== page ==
Extraordinary Rendition in International Law: Possible Characterisation as Enforced Disappearance

Extraordinary rendition as such does not constitute a specific crime in international law. It can however fall within the legal definition of enforced disappearance. Enforced disappearances are defined by Article 7 of the Rome Statute of the International Criminal Court (ICC) relating to crimes against humanity. A broader definition is provided by Article 2 of the International Convention for the Protection of All Persons from Enforced Disappearance (CED), entered into force in 2010, which reads as follows: “For the purposes of this Convention, ‘enforced disappearance’ is considered to be the arrest, detention, abduction or any other form of deprivation of liberty by agents of the State or by persons or groups of persons acting with the authorization, support or acquiescence of the State, followed by a refusal to acknowledge the deprivation of liberty or by concealment of the fate or whereabouts of the disappeared person, which place such a person outside the protection of the law”. The United States, primary responsible for the practice, are not party to the ICC Statute and have not ratified the CED. Still, extraordinary renditions are perpetrated by nationals, and on the territory, of States that have ratified both instruments, which is the case of Italy.

As described above, extraordinary rendition entails the cumulative violation of a number of rights, in the course of a single, if complex, pattern of conduct. In the ECtHR case law, violated rights include the right to personal liberty and security, the respect for private and family life, the right to access effective remedy, and in certain cases, the right to life. Extraordinary rendition, furthermore, generally involves the perpetration of torture and other inhuman or degrading treatment, which is not a necessary element of the crime of enforced disappearance.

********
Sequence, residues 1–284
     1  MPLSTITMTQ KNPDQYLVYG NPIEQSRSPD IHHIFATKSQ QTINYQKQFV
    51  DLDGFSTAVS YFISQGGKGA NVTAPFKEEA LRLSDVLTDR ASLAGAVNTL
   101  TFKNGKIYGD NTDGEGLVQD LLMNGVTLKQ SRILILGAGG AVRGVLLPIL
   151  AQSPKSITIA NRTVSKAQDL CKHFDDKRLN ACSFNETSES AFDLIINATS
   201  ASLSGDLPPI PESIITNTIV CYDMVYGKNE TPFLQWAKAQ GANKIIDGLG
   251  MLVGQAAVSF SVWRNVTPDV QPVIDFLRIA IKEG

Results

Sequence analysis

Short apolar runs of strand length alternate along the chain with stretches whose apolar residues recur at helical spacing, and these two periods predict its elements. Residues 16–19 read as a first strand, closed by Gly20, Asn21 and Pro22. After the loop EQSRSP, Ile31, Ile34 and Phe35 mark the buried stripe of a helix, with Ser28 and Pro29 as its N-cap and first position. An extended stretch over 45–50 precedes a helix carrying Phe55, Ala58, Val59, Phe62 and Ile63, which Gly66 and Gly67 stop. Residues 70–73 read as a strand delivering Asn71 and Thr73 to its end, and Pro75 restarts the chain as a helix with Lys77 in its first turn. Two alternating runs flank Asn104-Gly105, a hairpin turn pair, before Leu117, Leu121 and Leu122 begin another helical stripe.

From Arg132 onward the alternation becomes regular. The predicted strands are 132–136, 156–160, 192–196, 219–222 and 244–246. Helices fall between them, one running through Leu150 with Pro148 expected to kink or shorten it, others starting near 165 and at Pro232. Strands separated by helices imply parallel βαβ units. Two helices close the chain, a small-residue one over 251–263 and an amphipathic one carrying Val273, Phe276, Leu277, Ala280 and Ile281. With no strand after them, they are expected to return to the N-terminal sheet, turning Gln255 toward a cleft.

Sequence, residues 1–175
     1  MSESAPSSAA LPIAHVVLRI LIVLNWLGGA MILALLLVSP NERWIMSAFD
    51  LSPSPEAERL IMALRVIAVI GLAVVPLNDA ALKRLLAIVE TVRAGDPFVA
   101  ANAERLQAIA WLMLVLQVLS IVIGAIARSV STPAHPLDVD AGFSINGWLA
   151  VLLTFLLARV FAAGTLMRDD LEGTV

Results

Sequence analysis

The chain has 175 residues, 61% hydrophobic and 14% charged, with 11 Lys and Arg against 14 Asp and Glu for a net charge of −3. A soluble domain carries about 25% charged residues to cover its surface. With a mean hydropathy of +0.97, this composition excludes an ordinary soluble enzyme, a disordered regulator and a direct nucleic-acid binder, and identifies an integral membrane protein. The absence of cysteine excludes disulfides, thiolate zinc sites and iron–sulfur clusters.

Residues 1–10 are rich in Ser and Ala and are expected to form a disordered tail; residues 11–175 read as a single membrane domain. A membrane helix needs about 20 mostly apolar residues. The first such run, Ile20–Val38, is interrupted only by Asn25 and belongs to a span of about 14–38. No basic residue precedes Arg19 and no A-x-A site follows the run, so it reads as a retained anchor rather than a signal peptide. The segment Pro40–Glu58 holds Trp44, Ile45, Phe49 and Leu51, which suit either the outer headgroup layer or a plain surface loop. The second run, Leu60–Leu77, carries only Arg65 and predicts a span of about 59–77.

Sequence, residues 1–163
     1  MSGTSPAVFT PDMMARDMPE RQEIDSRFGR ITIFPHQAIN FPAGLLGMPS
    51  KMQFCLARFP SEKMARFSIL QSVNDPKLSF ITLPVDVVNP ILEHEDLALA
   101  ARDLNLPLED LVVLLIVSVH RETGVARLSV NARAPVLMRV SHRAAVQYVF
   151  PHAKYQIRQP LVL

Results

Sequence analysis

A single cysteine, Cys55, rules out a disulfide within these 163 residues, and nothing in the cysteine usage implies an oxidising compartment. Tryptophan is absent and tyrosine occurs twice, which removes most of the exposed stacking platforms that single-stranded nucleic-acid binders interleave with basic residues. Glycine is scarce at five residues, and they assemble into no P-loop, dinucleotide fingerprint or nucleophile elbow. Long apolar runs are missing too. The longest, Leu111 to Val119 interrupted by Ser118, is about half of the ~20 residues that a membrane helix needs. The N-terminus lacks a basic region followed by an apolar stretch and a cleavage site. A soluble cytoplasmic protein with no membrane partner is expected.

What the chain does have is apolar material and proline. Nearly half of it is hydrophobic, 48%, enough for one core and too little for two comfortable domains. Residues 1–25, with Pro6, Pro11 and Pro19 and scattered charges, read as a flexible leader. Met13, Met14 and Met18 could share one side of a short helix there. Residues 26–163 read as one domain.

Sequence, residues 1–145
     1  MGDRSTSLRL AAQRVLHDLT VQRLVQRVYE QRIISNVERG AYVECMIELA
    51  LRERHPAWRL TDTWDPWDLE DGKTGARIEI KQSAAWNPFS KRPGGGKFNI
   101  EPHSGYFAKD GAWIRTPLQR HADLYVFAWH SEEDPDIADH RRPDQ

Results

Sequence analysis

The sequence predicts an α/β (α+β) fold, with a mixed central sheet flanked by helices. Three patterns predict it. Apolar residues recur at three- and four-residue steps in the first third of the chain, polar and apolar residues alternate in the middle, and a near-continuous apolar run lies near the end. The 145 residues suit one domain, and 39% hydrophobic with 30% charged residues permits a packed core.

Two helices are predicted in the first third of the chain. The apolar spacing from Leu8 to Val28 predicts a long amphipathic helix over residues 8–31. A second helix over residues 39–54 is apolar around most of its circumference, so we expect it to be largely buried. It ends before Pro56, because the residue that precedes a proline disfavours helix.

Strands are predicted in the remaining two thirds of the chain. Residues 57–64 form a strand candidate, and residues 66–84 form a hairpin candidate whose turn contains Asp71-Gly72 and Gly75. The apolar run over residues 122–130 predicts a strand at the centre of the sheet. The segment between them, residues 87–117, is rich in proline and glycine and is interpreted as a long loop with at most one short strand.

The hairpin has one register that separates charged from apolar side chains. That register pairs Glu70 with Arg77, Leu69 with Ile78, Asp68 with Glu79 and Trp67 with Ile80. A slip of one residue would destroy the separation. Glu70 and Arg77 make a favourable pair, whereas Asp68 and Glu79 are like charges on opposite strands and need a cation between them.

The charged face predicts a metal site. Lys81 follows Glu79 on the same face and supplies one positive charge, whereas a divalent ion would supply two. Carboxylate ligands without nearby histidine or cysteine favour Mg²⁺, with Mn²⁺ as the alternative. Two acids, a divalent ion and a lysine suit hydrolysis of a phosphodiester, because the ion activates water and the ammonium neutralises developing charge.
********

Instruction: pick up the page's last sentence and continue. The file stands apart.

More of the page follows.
In Al Nashiri (para 520), the Court affirmed that “the rationale behind the program was specifically to remove those persons from any legal protection against torture and enforced disappearance”. In El Masri (par. 240),the Grand Chamber held that “the applicant abduction and detention amounted to ‘enforced disappearance’ as defined in international law”. In El Masri, the Court furthermore found another feature pertaining to enforced disappearances: the right to truth, which should not be obstructed by the concept of State secrecy (par. 191) and has both a private and public dimension.

The characterization of extraordinary renditions as enforced disappearances has various advantages in enhancing the protection of the victims. First, it provides a clear definition of an otherwise complex criminal conduct, which involves a combination of human rights violations; second, it excludes any possible derogation, including cases relating to national security, regularly alleged in these types of counter-terrorism operations; third, when it is contextualized as part of a widespread or systematic attack against a civilian population, it envisages the potential to define the practice as a crime against humanity. 


The decision of the Chamber in Nasr and Ghali v. Italy marked a remarkable step in addressing the issue of extraordinary renditions in Europe. The decision finds state secrecy, which had notably be confirmed by two judgements of the Italian Constitutional Court, not to be compatible with the rights protected by the European Convention. Finally, the possible characterisation of the conduct as enforced disappearance opens new avenues for a stronger protection of the victims of extraordinary renditions.

[1]              Council of Europe, Committee for Legal Affairs and Human Rights, “Secret detentions and unlawful inter-state transfers involving Council of Europe member states, 2007;  European Commission for Democracy Through Law; “Opinion on the International  Legal Obligation of Council of Europe Member States in Respect of Secret Detention Facilities and Inter-State Transport of Prisoners”, 2006.  European Parliament, Temporary Committee on the alleged use of European countries by the CIA for the transport and illegal detention of prisoners, 2007; Amnesty International, Below The Radar, Secret flights to torture and ‘disappearance’, 2006; Human Rights Watch, The United States’ “Disappeared” The CIA’s Long-Term “Ghost Detainees”, 2004.

[2] “La più grottesca extraordinary rendition”, Claudio Fava, “Quei bravi ragazzi”, Sperling, 2007.

[3]Tullio Scovazzi, “Tortura e formalismi giuridici di basso profilo” in Rivista di diritto internazionale, 4, 2006.